The Opportunities (and work) Ahead

Lon Garrison, AASB Executive Director

As the 2020-2021 school year comes to a close, we look to the summer ahead and perhaps some well-deserved time off, with a sense of relief and trepidation.  The past year has brought us challenges we could not have imagined.  At the same time, it provided some unique occasions to critically examine our education system.  It pushed administrators and school boards to face some complex realities about the challenge of meeting every student’s needs in order to get an excellent education every day.  Unfortunately, that did not always work.  But maybe, just maybe, it has given us a real opportunity to work towards solutions that we might otherwise have missed or put off.

When students and staff return to school this fall, inevitably, it will not be business as usual.  Public education has forever been changed as a result of the pandemic.  Likely, we will gradually return to something that seems more normal, but it will be a new normal.  Simply knowing that a highly contagious, airborne virus that can significantly impact millions of people very quickly will not soon be forgotten.  Every child, parent, and staff member has been affected by the pandemic in some way.  Thus, as we look to the fall and the beginning of a new school year, it will be vital for school boards to grasp the opportunities that may present themselves.

I have been reading lately about what many education professionals think about the coming year and how it will be different.  Here are a few of the areas I have seen mentioned:

  • Virtual and remote learning is here to stay.  How it works for every student may be different.  It can offer a world of possibilities, but by itself, it is not a complete solution for every student.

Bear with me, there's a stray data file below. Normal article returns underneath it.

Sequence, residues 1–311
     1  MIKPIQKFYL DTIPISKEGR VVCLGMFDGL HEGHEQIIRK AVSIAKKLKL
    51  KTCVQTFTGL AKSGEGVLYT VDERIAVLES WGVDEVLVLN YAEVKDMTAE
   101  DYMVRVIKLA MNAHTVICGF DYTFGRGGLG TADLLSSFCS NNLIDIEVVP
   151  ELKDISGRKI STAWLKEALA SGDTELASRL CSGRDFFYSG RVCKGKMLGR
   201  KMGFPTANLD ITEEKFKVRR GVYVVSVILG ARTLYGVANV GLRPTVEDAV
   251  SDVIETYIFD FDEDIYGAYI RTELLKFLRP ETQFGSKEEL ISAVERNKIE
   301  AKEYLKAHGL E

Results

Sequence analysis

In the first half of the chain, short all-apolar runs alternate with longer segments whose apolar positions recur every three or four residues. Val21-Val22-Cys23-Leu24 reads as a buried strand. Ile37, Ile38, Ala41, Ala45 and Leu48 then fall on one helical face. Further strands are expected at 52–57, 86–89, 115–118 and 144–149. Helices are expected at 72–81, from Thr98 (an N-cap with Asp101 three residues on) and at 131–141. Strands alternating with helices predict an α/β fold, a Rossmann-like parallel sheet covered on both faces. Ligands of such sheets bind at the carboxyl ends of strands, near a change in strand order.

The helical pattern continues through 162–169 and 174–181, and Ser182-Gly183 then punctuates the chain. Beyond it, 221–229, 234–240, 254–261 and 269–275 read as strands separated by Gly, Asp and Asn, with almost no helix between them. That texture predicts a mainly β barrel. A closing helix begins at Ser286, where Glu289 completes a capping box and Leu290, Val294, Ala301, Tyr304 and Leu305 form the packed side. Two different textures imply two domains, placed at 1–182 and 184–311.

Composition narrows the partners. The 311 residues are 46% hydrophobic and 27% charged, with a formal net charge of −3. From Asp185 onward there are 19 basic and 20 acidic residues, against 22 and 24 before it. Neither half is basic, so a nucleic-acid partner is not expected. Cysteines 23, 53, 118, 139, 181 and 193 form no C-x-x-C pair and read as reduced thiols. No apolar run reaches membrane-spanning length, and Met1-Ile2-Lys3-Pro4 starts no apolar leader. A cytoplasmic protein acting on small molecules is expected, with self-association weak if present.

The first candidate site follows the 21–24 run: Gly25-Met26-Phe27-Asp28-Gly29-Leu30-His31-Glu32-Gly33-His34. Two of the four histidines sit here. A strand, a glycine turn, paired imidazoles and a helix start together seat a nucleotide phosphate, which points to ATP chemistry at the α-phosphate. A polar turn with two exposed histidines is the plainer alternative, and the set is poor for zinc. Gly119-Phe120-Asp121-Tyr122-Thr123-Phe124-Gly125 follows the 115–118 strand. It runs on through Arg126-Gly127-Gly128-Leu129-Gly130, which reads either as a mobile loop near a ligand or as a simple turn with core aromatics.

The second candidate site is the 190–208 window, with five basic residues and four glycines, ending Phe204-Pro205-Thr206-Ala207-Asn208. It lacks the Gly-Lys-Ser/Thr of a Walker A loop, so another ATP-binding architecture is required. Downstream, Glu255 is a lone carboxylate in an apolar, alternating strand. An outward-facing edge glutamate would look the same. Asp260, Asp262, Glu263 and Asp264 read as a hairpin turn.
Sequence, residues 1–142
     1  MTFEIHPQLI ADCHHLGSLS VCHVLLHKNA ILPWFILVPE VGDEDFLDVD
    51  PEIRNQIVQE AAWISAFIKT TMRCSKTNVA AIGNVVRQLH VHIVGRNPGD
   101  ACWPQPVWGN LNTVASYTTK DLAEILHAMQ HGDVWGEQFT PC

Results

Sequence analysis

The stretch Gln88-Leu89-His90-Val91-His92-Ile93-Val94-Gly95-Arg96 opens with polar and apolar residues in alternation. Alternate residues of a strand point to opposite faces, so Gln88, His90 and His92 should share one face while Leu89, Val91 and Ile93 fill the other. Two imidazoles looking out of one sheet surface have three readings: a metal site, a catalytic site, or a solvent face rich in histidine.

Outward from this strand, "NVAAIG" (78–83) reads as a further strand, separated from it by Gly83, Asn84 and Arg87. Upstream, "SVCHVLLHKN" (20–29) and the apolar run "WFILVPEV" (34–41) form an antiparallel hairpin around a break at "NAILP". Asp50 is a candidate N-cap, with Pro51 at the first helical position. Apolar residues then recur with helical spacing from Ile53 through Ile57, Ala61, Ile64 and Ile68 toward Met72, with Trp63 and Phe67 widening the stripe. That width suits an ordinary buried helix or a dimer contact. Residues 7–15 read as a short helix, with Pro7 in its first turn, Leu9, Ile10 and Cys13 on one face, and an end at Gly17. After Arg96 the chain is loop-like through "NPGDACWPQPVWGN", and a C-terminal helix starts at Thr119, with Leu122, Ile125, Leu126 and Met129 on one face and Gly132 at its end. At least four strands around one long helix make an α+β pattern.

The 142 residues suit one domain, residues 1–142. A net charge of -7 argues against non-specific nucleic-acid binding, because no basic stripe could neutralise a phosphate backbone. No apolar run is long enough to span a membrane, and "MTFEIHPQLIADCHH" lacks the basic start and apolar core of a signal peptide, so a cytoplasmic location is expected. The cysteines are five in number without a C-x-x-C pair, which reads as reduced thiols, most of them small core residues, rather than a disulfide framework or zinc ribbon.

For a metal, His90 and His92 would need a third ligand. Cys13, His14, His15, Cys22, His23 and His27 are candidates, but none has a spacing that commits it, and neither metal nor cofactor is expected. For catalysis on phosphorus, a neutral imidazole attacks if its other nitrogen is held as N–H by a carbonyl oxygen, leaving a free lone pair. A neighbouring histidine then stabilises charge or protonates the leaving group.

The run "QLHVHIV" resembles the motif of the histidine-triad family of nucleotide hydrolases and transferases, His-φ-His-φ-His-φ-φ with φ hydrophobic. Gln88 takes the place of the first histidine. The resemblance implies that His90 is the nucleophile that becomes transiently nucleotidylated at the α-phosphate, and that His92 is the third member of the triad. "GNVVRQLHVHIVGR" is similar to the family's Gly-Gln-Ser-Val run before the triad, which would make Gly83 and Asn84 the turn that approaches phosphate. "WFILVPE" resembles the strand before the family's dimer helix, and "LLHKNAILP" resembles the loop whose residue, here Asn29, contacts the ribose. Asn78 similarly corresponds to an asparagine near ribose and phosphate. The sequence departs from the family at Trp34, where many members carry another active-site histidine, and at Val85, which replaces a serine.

• The impact on preschool and kindergarten students will be profound.  Experts are speaking about a “kindergarten bubble” in which students enter kindergarten at an older age and are generally less prepared for learning.  This will no doubt exacerbate the challenge with literacy proficiency by the third grade.
  • As a result of the pandemic, we may see a shift to more mixed-age classes and a greater focus on academic proficiency rather than the social promotion model.  Grading systems will also likely have to evolve to a new educational paradigm.
  • Assessing student achievement will continue to be a challenge.  The move towards assessments that are more formative and culturally relevant will likely increase.  The debate about summative assessments to measure proficiency against standards will continue to heat up as we deal with students that have just experienced a traumatic interruption of their “normal” educational delivery model.
  • The leadership of school districts by both school boards and superintendents will continue to be strained by the notion of finding the correct answer for every student and every family.  The ideological and political divide within communities across the country will continue to strain leadership working to find solutions.  Grace, patience, and kindness will continue to be a precious commodity.

So what does this all mean for Alaska School Boards and Superintendents?  From the perspective of AASB, we see the critical need to support boards and superintendents to continue to work together with a sense of purpose and hope.  Our mission has not changed, and our goal of helping every child receive an excellent education every day remains steadfast.  At AASB, we are here to help support boards in their governance role so that the “opportunities” of the coming year can be positive and impactful.  The issues mentioned above can present prospects for systemic change that will benefit our students.  Just like the students you serve, AASB has faith in your board’s resilience and dedication to your mission.  Now more than ever, the value of the association may be needed like never before, and we stand ready for you.

I keep thinking of the phrase that former AASB Executive Director Carl Rose used to say so frequently, “During times of great confusion, there can be opportunity for those not confused.”

Have a wonderful, safe summer.  AASB looks forward with great anticipation to supporting each school board and superintendent to take advantage of the “opportunities” and the work that lies ahead in the coming school year.